Where I Won’t Be On July 1-3

I’ve only attended one reenactment in my time and have no plans to do so again in the future.  My interest in Civil War history does not extend to watching people dress up to “recreate” battles.  I do love, however, the way in which these events are marketed.  Consider this one for the yearly reenactment of Gettysburg which takes place a few miles from the actual site.

Witnessing a battle re-enactment changes forever the way visitors view Gettysburg history – even if they’ve visited the Gettysburg National Military Park before. The event is replete with booming cannons, the taste of kicked-up dust and dirt, and the acrid smell of spent ammunition mixed with sweat-soaked wool uniforms. Thick, gray smoke sometimes obscures the view.  And that’s all experienced from sitting on the sidelines in the comfort of a chair.

That may be so, but does this change in view get us any closer to understanding the realities of battle or is this simply a matter of having your emotions manipulated?

Some re-enactors, among them descendants of Civil War veterans, give speeches about their ancestors and their family histories. The response is generally emotional, with the re-enactor often receiving a standing ovation.

The generals tell about some of the deadly mistakes they made and how saddened they were by fighting their comrades. Many Union and Confederate officers had attended West Point and fought together in the Mexican-American War of 1846-48.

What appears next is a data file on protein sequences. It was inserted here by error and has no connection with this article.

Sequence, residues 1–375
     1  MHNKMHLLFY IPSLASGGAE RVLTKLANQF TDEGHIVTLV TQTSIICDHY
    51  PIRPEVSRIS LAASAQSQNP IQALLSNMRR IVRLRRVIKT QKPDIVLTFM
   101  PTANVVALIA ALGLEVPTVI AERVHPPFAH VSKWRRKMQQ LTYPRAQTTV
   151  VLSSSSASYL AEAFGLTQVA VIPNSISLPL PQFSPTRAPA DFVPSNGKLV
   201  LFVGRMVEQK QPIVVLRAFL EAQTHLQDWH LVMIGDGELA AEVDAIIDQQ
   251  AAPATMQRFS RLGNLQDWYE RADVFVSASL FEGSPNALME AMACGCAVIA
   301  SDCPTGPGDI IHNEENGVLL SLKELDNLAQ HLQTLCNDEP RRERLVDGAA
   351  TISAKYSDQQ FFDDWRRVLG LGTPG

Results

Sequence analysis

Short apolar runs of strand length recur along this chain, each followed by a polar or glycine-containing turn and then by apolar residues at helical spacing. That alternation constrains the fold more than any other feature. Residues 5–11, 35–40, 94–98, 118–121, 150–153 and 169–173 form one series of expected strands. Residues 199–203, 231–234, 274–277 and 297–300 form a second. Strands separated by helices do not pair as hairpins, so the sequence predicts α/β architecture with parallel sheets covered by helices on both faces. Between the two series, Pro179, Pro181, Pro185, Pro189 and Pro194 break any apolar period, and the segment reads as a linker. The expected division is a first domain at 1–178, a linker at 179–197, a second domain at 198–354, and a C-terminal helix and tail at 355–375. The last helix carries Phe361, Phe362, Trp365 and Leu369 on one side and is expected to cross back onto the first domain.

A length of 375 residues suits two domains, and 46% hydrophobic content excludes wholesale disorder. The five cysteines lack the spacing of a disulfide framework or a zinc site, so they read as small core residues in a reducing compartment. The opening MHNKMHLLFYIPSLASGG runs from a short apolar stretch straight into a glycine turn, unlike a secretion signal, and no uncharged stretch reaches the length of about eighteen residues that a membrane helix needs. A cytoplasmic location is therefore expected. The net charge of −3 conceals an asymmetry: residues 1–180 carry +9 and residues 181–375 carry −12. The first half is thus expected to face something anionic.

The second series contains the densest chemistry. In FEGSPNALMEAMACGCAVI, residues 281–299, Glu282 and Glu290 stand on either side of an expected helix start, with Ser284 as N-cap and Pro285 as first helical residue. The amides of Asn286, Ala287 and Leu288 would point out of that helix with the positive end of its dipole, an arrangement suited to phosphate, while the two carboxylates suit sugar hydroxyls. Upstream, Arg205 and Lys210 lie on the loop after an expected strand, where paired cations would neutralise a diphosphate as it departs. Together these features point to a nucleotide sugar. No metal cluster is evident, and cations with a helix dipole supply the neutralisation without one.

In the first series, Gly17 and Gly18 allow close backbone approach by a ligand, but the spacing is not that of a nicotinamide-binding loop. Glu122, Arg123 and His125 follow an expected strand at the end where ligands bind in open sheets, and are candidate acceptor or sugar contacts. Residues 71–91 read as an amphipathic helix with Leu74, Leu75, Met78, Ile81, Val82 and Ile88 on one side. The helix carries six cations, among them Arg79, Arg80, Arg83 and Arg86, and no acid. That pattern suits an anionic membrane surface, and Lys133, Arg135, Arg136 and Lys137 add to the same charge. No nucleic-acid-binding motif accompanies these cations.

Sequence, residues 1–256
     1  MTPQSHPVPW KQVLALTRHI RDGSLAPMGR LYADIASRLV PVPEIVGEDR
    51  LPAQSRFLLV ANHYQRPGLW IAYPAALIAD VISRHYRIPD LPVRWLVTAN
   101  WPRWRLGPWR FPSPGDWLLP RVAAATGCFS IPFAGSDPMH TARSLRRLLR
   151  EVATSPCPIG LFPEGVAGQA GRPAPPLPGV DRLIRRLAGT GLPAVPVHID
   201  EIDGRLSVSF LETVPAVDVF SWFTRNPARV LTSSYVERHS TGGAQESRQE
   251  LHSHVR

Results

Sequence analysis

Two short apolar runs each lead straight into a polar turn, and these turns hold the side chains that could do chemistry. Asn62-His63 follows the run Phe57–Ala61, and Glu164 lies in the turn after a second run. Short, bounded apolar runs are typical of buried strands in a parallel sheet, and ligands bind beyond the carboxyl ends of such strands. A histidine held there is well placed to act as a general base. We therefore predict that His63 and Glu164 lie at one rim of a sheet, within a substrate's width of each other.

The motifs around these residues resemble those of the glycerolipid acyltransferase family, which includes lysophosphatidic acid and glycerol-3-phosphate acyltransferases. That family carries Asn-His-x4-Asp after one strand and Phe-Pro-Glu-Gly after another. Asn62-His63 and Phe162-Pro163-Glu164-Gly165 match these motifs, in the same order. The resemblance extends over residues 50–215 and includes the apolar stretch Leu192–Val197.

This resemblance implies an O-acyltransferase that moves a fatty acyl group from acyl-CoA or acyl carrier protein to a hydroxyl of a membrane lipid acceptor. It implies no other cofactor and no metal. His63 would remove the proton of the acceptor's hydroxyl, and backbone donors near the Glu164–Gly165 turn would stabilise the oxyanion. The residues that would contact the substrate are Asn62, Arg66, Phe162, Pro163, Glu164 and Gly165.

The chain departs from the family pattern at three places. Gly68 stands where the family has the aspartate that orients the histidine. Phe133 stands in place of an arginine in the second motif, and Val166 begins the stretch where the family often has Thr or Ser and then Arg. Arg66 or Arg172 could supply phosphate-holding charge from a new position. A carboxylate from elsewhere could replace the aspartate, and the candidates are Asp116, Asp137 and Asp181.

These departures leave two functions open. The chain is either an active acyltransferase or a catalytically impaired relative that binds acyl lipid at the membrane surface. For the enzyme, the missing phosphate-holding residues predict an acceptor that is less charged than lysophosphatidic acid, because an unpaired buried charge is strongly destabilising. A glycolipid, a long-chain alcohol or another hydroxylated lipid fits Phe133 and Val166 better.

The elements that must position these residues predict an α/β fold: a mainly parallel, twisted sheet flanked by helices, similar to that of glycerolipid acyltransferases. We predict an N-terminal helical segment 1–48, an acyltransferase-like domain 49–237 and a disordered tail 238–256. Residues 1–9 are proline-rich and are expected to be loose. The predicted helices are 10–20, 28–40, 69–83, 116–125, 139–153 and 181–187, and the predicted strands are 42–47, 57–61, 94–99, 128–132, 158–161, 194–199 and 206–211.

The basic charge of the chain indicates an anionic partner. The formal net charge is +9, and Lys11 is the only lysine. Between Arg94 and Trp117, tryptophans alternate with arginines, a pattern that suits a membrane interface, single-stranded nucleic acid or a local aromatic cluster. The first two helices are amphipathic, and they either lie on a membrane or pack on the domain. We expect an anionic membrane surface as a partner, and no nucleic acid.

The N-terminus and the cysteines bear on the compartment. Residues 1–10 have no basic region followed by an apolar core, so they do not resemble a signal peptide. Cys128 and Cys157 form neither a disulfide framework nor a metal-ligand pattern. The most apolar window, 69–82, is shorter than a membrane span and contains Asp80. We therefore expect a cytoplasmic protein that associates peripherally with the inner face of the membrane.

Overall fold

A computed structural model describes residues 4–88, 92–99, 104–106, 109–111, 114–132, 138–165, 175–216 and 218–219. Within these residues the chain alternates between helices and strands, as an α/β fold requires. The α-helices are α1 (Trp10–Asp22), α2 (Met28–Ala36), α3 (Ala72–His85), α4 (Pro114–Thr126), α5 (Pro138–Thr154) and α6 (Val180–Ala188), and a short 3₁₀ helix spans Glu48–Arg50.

Bring plenty of tissues.

12 comments… add one
  • Kevin Levin Jun 4, 2007 @ 9:27

    You are absolutely correct that reenacting is one off the chief ways in which the public commemorates/remembers the Civil War. Perhaps I should not have made such a sweeping statement.

  • John Maass Jun 4, 2007 @ 7:41

    Kevin–what I mean is that for a very committed student of the war and its memory to state in such a sweeping fashion that you won’t attend these things is quite surprising. I would suspect that these events are different now than they were in 1903 and 1907! I am not saying that you have to go to 10 a year–that would not be necessary of course. It just seems surprising that a serious historian of memory would state that he has seen his last reenactment, which is (for our modern era) one of the chief ways the public does in fact celebrate the war, if that is the right word.
    But of course you are free to do and write what you chose and see best.